Fight, Flight, Freeze?Investing
Thoughts on Today’s Market Environment (as of 3/3/2022)
Several years ago, one large money management firm ran a test on their clients. Whenever the stock markets declined, they sent “calming” letters to half of their clients and no specific communication to the other half. The result was unexpected. The clients who received the letters were more likely to sell their investments than those who did not. This was the opposite of the firm’s intention; the letters worried their clients enough to make emotional decisions, often selling right before the markets started their recovery.
I trust this letter will not scare you.
Last week we reached “correction” territory as the US stock markets touched losses of 11.7% year-to-date. The bond market also showed weakness, with a decline of 4.2% this year. Spiking inflation, the Ukraine invasion, and potential interest rate hikes have all contributed to these declines.
This week I received two calls asking about the market losses. Ironically, these calls were from reporters asking how I’m responding to my panicking clients. Imagine their surprise when I told them they were the only ones calling!
Even though clients are not calling, I know that stock and bond market losses are stressful. Big declines might trigger one of the following responses:
- Fight – An investor aggressively doubles down on their investments to compensate for temporary losses.
- Flight – An investor sells everything, locking in permanent losses.
- Freeze – An investor puts their head in the sand, stops looking at their investments, and does nothing.
If we find an angry bear in the middle of our hiking trail, swinging a stick (fight), running in the opposite direction (flight), or playing dead (freeze) might be good responses, but fight/flight/freeze are terrible strategies for investors.
My strategy: Rethink.
I’ve spent the better part of the last week following my favorite economists, money managers, and political scientists and their views on the potential impacts inflation, Russian aggression, and Federal Reserve policy might have on the stock and bond markets. Of course, nobody has a crystal ball and opinions vary, but I found plenty of helpful information.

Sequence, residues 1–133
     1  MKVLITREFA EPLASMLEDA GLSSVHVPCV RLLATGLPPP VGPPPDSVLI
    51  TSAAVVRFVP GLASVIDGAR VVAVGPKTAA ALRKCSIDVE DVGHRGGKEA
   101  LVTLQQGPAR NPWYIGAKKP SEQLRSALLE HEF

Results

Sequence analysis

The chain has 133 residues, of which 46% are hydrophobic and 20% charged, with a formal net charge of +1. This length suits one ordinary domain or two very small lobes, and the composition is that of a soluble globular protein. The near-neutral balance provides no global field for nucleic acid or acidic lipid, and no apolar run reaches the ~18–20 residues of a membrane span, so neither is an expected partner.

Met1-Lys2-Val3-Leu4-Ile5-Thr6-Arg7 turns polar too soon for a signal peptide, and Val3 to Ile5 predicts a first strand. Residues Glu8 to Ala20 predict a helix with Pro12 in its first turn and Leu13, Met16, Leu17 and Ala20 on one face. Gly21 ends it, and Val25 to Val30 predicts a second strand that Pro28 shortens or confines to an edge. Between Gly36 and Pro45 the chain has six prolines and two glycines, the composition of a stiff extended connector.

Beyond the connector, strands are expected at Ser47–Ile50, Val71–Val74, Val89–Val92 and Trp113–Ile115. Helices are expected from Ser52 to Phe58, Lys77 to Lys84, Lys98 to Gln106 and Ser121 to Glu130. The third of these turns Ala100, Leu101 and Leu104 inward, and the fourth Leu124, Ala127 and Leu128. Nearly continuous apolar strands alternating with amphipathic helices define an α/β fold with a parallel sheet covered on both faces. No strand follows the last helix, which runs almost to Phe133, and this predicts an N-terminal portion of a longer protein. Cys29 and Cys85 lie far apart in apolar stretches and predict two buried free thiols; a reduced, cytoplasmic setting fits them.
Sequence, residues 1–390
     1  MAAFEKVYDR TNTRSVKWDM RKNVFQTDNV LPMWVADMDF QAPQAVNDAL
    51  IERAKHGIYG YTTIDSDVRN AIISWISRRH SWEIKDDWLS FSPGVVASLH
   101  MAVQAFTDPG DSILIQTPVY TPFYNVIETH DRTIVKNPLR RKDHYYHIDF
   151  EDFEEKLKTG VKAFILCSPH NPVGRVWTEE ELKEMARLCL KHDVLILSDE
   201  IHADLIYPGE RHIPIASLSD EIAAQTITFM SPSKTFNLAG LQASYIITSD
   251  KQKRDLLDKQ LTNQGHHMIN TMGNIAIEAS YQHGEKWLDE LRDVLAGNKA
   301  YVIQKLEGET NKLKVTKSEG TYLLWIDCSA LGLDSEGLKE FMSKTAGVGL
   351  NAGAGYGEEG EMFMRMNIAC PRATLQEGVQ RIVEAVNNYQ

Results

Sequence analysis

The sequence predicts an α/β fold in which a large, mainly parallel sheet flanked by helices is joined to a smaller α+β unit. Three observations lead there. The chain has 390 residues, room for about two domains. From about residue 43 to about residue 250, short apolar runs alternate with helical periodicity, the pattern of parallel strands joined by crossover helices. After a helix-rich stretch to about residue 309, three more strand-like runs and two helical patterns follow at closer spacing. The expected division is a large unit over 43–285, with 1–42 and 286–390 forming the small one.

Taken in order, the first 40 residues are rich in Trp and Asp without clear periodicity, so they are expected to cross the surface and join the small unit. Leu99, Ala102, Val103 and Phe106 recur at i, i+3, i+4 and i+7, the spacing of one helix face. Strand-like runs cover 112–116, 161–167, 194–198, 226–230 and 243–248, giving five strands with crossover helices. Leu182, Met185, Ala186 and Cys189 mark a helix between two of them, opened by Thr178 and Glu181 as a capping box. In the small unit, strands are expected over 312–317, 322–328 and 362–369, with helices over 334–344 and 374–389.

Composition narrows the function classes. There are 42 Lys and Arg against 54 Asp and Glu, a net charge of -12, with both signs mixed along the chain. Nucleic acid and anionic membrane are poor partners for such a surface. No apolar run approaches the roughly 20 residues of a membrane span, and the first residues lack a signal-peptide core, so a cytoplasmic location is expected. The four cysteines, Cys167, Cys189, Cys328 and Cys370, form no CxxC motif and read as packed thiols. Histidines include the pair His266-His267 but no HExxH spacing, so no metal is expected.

Although my starting place is to “Don’t just do something, stand there,” rethinking has led me to the following:
- I’m not fighting – I’m not aggressively rebalancing or wildly investing cash (if available) at this time. I’m not confident the stock market has fully incorporated the risks we are currently facing.
- I’m flighting (one position) – Most clients have a 3% to 6% position in a Frontier Market Bond fund. Even though this fund is one of the top performing Emerging Market Bond funds and has had positive performance over the last year, its small exposure to Ukraine and Belarus makes me nervous. I reduced this position in most client accounts this week, with the expectation that I’ll reenter this holding when we have more stability in the region.
- I’m sticking with the plan – Client portfolios were defensively positioned well ahead of these market declines, which has helped as fixed-income holdings have outperformed the bond indices, and alternative investments are showing strength. I see no reasons to make any major allocation shifts at this time.
I hope you find these comments helpful. As always, please contact me with any questions that come up.